“Behind the Mask”

                We are living in strange days indeed! Everywhere I go now, I can see almost everyone wearing masks or some type of face covering. In some places, you must wear a mask or you will not be able to enter their premises at all. In addition to this, other citizens have taken the unpaid job of “Coronavirus Vigilantes” to watch out for those who violate the CDC and government guidelines.

                This is so surreal and in a way it reminds me of one of those futuristic movies where cities are deserted and the government exercises total control over the surviving population in the name of “safety” and protection. It also reminds me of the terrible years I lived in Cuba, under a totalitarian and communist dictatorship.

                Wearing masks have always been a part of the attire of surgeons, construction workers, nail technicians and a few others. Masks are also the go-to outfit for criminals. Who can forget the masked bandits of the Wild West and the bank robbers of today?

                Wearing a mask has always been a problem for me. I cannot breathe well with a mask on and in addition to that, the mask fibers make me sneeze and fog up my glasses. Wearing a mask in public during this pandemic, however, has given me a certain degree of anonymity in public places. I can now understand the allure that Masked Parties (also called Balls) holds over some people.

                People have been wearing behavior “masks” for thousands of years. We wear masks to conceal our anger, anxiety, disgust, embarrassment, frustration, sadness and many other similar emotions, behaviors and attitudes. We rarely bare our souls in front of others.

                Christians also engage in this masking game. We go to church wearing our “Sunday best” and with a big (sometimes fake) smile plastered on our faces. No one needs to know our pain, failures or defeats. We must, as someone has said in the past, “fake it until we make it.”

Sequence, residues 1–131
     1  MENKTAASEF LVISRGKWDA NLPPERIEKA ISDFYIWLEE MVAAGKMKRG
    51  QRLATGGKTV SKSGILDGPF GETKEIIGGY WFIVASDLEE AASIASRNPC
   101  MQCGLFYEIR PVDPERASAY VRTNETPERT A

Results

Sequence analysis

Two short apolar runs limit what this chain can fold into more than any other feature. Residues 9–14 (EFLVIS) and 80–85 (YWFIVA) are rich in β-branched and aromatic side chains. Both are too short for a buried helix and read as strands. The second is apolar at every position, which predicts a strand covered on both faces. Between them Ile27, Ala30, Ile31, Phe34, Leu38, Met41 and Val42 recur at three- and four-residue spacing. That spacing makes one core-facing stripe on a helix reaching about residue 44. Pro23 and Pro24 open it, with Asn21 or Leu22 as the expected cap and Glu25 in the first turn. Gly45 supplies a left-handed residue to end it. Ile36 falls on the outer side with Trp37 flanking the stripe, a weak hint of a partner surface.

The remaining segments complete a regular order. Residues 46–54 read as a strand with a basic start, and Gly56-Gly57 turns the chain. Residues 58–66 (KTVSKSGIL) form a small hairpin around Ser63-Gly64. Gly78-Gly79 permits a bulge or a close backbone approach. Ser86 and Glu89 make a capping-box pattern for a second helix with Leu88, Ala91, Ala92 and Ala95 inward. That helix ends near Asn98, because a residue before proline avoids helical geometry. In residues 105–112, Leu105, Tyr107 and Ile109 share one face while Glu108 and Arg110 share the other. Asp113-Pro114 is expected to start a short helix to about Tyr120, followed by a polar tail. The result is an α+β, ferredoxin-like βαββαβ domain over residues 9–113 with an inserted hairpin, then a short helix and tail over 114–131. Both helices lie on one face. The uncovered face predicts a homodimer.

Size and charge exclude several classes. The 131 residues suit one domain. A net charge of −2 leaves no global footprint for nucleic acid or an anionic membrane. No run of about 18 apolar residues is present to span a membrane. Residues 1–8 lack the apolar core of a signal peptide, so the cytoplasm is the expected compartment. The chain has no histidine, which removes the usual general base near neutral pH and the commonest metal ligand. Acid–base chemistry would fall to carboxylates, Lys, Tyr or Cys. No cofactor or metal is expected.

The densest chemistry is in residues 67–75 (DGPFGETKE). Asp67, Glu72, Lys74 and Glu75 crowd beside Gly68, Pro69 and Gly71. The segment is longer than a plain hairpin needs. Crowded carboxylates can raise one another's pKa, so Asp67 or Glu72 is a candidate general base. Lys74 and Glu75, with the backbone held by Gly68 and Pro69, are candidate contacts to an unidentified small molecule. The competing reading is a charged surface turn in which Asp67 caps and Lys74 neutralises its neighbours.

This is not how Christians should live. We must get rid of all masks and start living a radical and sincere brand of Christianity. We must be genuine and transparent in our relationship with Christ and with our brothers and sisters.

                “Sincerity” in the original Latin, means that which is pure, clean and unadulterated. Our love for each other must be sincere; our words should be truthful and sincere and our actions must also be sincere. Remember the words of the apostles in this regard:

                “Since you have purified your souls in obeying the truth through the Spirit in sincere love of the brethren, love one another fervently with a pure heart” (1 Peter 1:22)

                “…that you may approve the things that are excellent, that you may be sincere and without offense till the day of Christ” (Philippians 1:10)

                I don’t know if you like to wear physical masks or not, but I pray that you and I will remove all the masks that keep us apart and that we will come together as one in Christ.

                A. G

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